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Last week, we reported that the U.S. Defense Department had indeed confirmed that "unidentified aerial phenomena" exist, after leaked footage of UFOs had gotten out to the general public. Now, you may be unsurprised to learn that these flying phenomena are taking the sky to the limit and going international.
A recent story from VICE World News dives into these unexplained phenomena that have flown through Canadian and international airspace for years now. Over the past 16 years, these incidents have been logged and sent into an online database run by Transport Canada: the Civil Aviation Daily Occurrence Report System, or CADORS. After combing through some 30 years of data and 300,000 incidents in CADORS, Vice uncovered "dozens" of unexplained sightings from professional aviators.
Some of the reports lack detail, others start simply and then grow. One case of the latter occurred in November 2016 over Lake Ontario. A supposed "donut like" object was flying directly in the path of a Porter Airlines plane, prompting the captain to override the autopilot and put the aircraft into a descent underneath the object. None of the 54 passengers were seriously harmed, though two flight attendants received minor injuries.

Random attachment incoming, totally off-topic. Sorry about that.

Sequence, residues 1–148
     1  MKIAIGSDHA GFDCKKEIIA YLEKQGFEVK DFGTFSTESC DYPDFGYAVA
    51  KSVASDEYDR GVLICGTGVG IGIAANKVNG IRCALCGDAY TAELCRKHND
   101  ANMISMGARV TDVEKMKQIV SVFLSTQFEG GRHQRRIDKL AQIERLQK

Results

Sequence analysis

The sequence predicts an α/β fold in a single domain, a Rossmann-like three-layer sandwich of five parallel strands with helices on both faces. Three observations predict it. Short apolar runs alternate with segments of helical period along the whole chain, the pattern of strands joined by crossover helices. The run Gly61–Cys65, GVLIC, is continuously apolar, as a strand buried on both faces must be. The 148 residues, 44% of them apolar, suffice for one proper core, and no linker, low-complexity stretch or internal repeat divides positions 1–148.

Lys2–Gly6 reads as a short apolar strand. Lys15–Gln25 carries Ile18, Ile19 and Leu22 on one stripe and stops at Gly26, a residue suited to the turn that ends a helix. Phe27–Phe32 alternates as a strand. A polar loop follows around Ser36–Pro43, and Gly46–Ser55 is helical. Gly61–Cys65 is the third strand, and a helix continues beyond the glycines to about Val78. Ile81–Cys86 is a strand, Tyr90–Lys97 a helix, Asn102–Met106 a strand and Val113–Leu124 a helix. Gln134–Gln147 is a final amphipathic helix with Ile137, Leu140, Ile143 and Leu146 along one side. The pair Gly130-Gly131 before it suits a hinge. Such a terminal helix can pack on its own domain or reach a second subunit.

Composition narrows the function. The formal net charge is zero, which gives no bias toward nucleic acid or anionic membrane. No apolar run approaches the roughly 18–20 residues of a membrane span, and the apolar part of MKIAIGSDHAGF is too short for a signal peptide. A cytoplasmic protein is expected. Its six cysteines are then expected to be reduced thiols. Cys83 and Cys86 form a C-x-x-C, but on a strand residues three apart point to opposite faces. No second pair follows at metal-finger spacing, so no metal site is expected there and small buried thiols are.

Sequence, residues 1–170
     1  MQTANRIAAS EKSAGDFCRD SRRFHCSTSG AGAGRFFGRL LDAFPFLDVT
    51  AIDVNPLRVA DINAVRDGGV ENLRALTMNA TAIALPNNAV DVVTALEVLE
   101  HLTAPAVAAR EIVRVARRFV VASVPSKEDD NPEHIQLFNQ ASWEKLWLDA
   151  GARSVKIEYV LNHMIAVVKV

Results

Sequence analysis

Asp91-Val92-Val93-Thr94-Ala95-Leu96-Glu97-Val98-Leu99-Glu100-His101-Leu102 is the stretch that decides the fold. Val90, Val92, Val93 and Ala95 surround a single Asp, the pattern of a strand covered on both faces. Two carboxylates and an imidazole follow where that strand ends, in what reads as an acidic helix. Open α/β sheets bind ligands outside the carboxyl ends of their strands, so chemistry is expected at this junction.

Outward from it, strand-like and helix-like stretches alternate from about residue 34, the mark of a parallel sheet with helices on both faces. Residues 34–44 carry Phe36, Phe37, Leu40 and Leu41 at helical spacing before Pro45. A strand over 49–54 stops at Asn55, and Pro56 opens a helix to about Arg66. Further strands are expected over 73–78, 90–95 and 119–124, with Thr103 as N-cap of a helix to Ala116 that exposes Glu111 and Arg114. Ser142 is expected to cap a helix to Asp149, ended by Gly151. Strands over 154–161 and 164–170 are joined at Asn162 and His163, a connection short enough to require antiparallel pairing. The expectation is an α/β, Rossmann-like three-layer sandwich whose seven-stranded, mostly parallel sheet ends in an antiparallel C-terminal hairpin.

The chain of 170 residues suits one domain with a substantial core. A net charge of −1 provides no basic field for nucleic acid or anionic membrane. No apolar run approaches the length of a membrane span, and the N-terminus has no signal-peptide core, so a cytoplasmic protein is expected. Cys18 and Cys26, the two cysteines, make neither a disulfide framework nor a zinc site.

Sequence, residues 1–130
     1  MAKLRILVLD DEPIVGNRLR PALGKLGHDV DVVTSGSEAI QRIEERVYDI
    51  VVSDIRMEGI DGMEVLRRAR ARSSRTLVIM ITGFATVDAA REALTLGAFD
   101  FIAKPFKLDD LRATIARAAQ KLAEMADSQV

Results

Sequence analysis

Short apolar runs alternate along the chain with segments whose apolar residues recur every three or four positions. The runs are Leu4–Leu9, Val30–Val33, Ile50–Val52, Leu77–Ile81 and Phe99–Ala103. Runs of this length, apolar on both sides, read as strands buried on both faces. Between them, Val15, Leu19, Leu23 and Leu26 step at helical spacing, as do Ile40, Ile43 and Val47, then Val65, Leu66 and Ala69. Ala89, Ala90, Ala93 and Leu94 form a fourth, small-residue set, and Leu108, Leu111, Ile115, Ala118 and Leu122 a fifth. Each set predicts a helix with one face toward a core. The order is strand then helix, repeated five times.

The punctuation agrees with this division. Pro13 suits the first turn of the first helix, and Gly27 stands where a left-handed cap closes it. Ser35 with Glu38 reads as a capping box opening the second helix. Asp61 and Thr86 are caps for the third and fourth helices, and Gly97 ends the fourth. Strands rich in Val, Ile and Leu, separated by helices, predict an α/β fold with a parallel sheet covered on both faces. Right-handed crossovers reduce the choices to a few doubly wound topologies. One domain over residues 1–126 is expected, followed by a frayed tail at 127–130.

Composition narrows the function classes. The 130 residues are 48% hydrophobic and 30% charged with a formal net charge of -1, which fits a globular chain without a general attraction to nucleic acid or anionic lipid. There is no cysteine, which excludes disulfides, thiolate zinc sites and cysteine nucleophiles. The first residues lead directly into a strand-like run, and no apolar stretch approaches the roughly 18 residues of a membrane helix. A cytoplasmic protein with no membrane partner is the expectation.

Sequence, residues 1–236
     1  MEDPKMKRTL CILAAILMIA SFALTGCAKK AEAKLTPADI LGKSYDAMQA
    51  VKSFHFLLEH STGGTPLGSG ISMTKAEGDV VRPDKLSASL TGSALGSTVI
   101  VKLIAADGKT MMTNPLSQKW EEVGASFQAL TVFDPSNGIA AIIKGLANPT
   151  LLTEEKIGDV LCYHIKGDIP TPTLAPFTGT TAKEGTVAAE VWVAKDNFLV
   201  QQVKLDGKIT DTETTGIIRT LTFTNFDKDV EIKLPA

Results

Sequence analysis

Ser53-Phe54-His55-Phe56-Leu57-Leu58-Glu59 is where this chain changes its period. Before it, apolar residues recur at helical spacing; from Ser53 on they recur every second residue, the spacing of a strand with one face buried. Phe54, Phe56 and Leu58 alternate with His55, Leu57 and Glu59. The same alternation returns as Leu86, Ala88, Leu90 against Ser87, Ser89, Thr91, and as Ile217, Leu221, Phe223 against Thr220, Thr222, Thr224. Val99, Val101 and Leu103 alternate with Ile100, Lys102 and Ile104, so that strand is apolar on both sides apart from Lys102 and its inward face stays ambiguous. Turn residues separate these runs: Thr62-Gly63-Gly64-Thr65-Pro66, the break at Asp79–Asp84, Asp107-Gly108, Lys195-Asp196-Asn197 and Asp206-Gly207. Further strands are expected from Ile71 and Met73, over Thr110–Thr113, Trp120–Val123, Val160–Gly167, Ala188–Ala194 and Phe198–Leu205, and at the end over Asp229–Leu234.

Porter, along with other airlines like Air Canada and WestJet, provided no comment to Vice about specific reports such as this.
Some of these incidents have fairly simple explanations. Around Christmas 2019, there were reports of seeing two dozen "evenly-spaced bright objects in a line," and these turned out to be Starlink internet satellites from SpaceX, which travel in groups and have to be in low orbits.
But others are a little stranger. Take a story from January of that same year, where a Vanguard Air Care crew claimed that an "inexplicable bright light" followed them, matching the altitude and speed of their craft. In such cases, where flying objects or lights couldn't be identified and crossed civilian pilots, Canda's Armed Forces were alerted.
Regardless of what these flying objects are, their proximity to public airspace is concerning. From an air safety perspective, they deserve to be investigated. In that regard, Transport Canada only had this to say to Vice: "Reports of unidentified objects can rarely be followed up on as they are as the title implies, unidentified."